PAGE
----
Pan-American Highway: The Longest Road in the World Measuring About 30,000 Kilometres
Constructed in the year 1936, the Pan-American Highway is a web of roads stretching across the continents of North and South America. The nomenclature for this particular mode of transport is a representation of the fact that the highway connects almost all of the Pacific coastal countries. According to the Guinness World Records, this highway is the world’s longest motorable road of about forty-eight thousand kilometres, in total length with a break of about one hundred and sixty kilometres which is called the Darién Gap.
Pan-American Highway: Bildungsroman
Imagine being on a road trip that is equivalent to living through a time-lapse depicting changing weather conditions. A journey on the Pan-American Highway will allow you to experience exactly this. The highway passes through a diversification of climates and ecological types, including dense forests, arid deserts, barren Tundra regions, mountains, prairies et al. However, some of these places have a chance of being extremely dangerous.
Beginning at Prudhoe Bay in Alaska, North America the highway winds down till Ushuaia, in Argentina. Originally, the concept of connecting the two tips of the Americas witnessed its first proposal in 1889 at the First Pan-American Conference, as a rail road. The idea never saw the light of day, but what did was the highway at the Fifth International Conference of American States in 1923. This eventually resulted in an agreement for the speedy construction of the highway, five years later.
The Darién Gap: A leap of faith
The only flaw in the entire project, which is unavoidable, is the fact that the highway does not have a direct link from Central America to South America. This disruption in the construction is also quite commonly referred to as the Darién Gap. The Darién Gap is a stretch of marshland which terminates the highway at Turbo, Columbia and Yaviza, Panama. The gap is about a hundred and twenty-five miles of dense forests, unruly rivers, low and rugged mountains. Construction through the swamp, marshes and rivers would have been a very expensive project. Although, elimination of this gap is tireless and has had endless effort invested over several years.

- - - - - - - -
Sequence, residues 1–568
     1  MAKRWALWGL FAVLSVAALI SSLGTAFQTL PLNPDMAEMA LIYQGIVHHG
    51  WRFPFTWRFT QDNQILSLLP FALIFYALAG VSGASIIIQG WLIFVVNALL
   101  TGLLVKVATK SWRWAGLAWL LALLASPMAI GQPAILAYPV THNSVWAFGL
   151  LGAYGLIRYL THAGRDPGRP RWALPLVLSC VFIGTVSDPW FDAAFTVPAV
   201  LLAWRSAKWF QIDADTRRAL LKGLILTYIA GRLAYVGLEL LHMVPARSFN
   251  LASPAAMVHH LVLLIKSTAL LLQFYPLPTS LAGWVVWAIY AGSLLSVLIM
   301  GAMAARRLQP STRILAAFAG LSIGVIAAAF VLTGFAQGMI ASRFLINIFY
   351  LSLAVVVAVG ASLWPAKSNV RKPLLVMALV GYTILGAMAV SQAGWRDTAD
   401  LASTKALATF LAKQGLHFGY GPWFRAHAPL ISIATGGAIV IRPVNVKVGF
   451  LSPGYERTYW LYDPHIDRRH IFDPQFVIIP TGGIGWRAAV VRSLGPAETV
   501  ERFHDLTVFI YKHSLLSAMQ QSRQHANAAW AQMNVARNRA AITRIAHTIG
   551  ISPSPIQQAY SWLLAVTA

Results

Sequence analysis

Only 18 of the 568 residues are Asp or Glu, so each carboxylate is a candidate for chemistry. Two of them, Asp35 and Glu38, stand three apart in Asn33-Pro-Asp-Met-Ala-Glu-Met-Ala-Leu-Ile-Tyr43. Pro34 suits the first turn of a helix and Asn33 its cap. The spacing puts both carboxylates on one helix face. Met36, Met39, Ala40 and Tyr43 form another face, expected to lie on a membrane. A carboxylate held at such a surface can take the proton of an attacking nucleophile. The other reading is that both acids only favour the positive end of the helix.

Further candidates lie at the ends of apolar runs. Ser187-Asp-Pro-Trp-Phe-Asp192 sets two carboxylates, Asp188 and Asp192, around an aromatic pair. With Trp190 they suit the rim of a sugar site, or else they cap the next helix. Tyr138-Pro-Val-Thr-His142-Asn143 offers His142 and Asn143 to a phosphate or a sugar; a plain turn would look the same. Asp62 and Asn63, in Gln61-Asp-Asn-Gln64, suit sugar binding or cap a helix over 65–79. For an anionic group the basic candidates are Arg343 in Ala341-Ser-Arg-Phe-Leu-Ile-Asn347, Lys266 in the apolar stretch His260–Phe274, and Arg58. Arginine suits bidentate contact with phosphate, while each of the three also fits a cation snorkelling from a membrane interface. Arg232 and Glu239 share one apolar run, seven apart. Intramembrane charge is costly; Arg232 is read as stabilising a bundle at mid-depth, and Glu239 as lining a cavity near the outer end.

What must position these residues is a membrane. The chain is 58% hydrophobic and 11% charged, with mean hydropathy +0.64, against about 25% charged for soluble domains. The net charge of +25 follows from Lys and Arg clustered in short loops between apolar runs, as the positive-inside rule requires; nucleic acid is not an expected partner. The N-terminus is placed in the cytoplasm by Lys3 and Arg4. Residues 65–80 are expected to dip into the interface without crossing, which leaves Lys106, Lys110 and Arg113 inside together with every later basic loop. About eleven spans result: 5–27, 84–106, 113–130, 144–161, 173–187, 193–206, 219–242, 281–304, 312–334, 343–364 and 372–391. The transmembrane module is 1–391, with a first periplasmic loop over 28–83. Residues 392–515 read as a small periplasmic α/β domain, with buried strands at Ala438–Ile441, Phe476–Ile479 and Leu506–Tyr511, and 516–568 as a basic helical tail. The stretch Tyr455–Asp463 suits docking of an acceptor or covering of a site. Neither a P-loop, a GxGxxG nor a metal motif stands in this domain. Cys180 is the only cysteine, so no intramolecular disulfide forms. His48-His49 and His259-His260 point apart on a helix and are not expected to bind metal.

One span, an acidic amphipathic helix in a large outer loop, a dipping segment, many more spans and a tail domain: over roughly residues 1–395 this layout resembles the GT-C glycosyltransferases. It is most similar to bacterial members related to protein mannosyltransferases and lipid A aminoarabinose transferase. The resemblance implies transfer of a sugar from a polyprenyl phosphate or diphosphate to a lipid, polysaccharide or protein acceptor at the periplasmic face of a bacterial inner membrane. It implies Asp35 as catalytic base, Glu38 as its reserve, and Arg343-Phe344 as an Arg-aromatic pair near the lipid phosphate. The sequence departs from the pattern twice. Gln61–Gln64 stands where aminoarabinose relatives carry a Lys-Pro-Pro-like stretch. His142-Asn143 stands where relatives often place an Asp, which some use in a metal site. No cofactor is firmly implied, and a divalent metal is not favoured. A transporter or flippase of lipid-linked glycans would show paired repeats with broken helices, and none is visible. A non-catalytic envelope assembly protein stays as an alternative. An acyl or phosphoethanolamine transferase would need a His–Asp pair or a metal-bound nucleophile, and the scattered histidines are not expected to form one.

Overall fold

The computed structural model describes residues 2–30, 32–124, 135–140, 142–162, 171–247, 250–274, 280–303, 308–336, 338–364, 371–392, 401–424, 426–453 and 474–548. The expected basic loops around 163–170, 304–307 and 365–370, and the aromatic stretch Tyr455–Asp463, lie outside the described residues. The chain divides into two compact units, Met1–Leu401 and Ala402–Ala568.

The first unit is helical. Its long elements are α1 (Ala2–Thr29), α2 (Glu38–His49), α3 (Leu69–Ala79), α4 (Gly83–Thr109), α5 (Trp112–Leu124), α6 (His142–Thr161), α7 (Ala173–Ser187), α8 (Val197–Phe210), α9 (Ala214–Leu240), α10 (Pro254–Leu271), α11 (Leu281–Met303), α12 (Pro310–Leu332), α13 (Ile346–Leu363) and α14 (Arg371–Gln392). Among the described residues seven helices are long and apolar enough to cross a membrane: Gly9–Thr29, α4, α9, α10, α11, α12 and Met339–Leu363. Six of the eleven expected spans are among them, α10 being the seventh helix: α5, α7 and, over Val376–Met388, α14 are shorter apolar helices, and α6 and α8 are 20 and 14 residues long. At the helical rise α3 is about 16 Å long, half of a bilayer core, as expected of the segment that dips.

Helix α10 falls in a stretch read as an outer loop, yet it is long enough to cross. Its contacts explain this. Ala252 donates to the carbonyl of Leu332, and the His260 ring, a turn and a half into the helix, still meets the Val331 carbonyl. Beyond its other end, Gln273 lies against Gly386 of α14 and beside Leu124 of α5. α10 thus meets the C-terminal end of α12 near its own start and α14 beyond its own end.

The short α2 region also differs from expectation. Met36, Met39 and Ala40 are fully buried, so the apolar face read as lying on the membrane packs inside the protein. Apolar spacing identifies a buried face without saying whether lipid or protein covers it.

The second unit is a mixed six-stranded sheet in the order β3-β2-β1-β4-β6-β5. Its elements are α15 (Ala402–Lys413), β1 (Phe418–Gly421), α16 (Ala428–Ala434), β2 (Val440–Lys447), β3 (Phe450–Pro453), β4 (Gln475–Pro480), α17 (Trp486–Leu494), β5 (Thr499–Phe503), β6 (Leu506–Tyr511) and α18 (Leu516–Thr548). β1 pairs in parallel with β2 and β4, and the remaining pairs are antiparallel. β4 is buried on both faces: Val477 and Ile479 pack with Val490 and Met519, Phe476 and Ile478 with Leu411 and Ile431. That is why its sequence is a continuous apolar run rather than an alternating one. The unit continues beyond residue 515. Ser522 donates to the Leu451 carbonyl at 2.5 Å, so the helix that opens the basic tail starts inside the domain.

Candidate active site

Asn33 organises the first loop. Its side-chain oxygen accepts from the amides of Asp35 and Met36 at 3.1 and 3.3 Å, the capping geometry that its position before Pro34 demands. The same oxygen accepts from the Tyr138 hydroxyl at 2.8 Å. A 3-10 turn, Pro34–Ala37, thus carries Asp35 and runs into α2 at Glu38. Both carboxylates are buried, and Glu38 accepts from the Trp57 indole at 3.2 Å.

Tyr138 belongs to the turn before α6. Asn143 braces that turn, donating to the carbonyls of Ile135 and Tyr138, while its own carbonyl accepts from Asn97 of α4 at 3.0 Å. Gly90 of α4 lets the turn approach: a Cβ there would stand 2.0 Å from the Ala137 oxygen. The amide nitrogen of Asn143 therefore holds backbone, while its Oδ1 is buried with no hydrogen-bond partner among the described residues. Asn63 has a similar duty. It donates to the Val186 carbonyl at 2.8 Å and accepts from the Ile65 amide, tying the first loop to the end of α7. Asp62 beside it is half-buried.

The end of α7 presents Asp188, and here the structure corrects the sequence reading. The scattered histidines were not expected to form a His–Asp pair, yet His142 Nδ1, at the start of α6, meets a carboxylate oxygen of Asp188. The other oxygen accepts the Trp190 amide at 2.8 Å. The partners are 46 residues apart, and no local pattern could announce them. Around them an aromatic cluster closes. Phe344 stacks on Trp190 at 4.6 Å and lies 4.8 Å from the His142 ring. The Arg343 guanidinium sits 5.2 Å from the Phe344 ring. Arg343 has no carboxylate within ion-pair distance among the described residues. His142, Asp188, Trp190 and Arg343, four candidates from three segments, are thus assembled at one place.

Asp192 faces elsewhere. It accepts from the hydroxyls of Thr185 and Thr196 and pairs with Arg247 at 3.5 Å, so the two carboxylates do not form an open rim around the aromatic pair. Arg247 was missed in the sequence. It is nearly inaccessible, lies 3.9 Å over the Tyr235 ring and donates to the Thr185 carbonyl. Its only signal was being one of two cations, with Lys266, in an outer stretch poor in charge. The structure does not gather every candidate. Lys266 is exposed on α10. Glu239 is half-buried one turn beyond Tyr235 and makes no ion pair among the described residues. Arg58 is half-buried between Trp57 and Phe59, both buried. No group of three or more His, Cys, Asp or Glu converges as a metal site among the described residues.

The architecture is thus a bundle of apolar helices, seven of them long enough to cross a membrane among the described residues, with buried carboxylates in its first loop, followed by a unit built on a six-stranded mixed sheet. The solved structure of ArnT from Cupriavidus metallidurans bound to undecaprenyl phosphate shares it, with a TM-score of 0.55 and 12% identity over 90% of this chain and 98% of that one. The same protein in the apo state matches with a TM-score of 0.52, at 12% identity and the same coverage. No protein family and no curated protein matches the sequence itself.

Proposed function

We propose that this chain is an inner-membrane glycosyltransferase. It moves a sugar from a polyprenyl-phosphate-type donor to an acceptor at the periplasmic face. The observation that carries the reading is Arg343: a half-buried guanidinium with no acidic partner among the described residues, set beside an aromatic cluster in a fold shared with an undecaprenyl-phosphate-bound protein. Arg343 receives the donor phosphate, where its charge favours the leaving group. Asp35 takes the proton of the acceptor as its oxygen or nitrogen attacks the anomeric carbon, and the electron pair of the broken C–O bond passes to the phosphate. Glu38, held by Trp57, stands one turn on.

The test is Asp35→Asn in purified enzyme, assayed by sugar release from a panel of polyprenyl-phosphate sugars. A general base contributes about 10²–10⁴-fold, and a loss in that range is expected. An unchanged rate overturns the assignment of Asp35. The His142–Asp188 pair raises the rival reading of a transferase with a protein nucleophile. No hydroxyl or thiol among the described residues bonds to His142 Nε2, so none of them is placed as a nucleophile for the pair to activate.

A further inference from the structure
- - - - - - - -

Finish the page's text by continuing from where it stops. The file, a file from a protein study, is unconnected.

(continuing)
Proposal of bridging this gap is a controversial one with constant conflict with environmentalists. The proposal has been acted about a couple of times. Fortunately, though, the environmentalists could hinder progress with evidence of irrevocable environmental damage. The Darién Gap is, quite naturally, an abode for adventurers. Several attempts have been made of driving through this gap, chancing upon more failures that success. The only option, however, that satisfies both conflicting sides is the construction of a ferry link from Columbia to a new ferry port in Panama.
Highway to death
As convenient as such a highway may sound, all is not so well regarding the journey across it, and the entire route contains several challenging sections that require more precaution than one might believe. One of these is popularly known as “Cerro de la Muerte” which literally translates to “Mountain of Death” or “Summit of Death.” The history behind its name is the fact that crossing the mountains from Valle Central is a three or four day trek on foot or on animals. In the past, the mountains witnessed several travellers succumbing to the cold and rain.
The main reason behind the danger of crossing this region via the highway is its sudden elevation. The highway reaches a peak from which two routes break off. One is a hiking trail and the other is a passage for vehicles to pass through. This region is generally considered to be the point of the highest elevation on the Pan-American Highway in Central America with an altitude of ten thousand nine hundred and forty-two feet. At this height, temperatures dip to below freezing point at night, but it is balanced by the shining sun during the day. Susceptibility to sun burns, however, is relatively easy due to the thin air.
Pan-American Highway: Toeing the line
The Pan-American Highway has many such fascinating tales associated with it. Thousands of people are always attempting to drive through this highway only to return with truckloads of memories to cherish. Tim Cahill, a famous travel writer set a record from Ushuaia to Prudhoe Bay in 24 days. He went on to write a book called Road Fever, about his experience.
The Pan-American Highway is a journey of scenic wonder. It is often featured on bucket lists for several people around the world. It is essential that enough research and exhaustive preparation is carried out from beforehand. It is of utmost importance that a map of the entire journey be carried and should be thoroughly read. It is a very long trip and duration varies from traveller to traveller, usually ranging between nine to twenty-four months unless you are Tim Cahill. It is truly a once in a lifetime experience, a chance to drop into countries like it’s the next neighbourhood, overstaying your welcome over a cup of tea or a glass of beer only to hit the next explorable paradise.
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